Scientists started predicting a global temperature record months ago, in part because an El Niño weather pattern, one of the largest in a century, is dumping an immense amount of heat from the Pacific Ocean into the atmosphere. But the bulk of the record-setting heat, they say, is a consequence of the long-term planetary warming caused by human emissions of greenhouse gases.

“The whole system is warming up, relentlessly,” said Gerald A. Meehl, a scientist at the National Center for Atmospheric Research in Boulder, Colo.

It will take a few more years to know for certain, but the back-to-back records of 2014 and 2015 may have put the world back onto a trajectory of rapid global warming, after period of relatively slow warming dating to the last powerful El Niño, in 1998.

Politicians attempting to claim that greenhouse gases are not a problem seized on that slow period to argue that “global warming stopped in 1998” and similar statements, with these claims reappearing recently on the Republican presidential campaign trail.

Statistical analysis suggested all along that the claims were false, and the slowdown was, at most, a minor blip in an inexorable trend, perhaps caused by a temporary increase in the absorption of heat by the Pacific Ocean.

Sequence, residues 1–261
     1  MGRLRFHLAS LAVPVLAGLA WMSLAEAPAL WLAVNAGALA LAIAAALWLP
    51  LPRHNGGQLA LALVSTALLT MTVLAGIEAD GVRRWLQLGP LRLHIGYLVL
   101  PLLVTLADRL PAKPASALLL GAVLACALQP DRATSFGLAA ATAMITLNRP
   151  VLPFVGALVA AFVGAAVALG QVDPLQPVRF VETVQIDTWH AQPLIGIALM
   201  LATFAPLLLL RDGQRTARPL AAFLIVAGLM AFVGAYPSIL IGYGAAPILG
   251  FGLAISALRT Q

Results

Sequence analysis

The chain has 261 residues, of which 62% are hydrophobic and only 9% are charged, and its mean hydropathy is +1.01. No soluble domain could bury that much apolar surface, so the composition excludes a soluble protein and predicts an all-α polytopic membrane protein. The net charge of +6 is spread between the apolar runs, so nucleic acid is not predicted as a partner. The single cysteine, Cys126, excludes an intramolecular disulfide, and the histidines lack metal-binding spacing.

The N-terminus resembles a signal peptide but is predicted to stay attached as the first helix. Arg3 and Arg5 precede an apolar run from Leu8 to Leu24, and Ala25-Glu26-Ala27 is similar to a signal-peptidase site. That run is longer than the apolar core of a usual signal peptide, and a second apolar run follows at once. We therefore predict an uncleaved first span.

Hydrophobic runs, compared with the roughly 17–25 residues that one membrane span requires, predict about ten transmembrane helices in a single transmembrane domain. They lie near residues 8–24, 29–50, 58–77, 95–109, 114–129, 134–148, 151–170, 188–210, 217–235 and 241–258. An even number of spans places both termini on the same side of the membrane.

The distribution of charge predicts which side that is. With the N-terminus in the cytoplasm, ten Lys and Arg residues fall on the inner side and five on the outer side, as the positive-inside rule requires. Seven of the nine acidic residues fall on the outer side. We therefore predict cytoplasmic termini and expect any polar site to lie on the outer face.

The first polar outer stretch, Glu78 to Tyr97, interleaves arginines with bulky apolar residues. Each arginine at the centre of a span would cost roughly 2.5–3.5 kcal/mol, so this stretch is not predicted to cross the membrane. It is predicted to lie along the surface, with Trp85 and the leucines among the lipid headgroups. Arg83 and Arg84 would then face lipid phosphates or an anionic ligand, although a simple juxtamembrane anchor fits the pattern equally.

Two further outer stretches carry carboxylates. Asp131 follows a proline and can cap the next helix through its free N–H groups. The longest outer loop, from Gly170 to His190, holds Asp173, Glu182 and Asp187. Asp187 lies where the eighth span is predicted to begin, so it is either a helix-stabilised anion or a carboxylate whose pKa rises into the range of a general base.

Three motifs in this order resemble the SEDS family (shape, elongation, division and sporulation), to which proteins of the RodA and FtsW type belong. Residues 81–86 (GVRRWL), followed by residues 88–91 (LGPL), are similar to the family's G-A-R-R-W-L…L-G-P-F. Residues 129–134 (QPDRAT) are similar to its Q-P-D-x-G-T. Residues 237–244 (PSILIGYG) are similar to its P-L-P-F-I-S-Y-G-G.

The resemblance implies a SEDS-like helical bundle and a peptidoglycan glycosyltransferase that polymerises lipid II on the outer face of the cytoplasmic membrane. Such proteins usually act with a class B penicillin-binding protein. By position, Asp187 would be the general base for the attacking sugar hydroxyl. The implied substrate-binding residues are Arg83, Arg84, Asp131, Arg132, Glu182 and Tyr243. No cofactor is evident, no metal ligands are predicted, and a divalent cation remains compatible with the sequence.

more...
No comment yet.
Scooped by Dennis Richards
Scoop.it!

‘Dark Money,’ by Jane Mayer

‘Dark Money,’ by Jane Mayer | Government for the People | Scoop.it
Thirty years later, the midterm elections of 2010 ushered in the political system that the Kochs had spent so many years plotting to bring about. After the voting that year, Republicans dominated state legislatures; they controlled a clear majority of the governorships; they had taken one chamber of Congress and were on their way to winning the other. Perhaps most important, a good many of the Republicans who had won these offices were not middle-of-the-road pragmatists. They were antigovernment libertarians of the Kochs’ own political stripe. The brothers had spent or raised hundreds of millions of dollars to create majorities in their image. They had succeeded. And not merely at the polls: They had helped to finance and organize an interlocking network of think tanks, academic programs and news media outlets that far exceeded anything the liberal opposition could put together.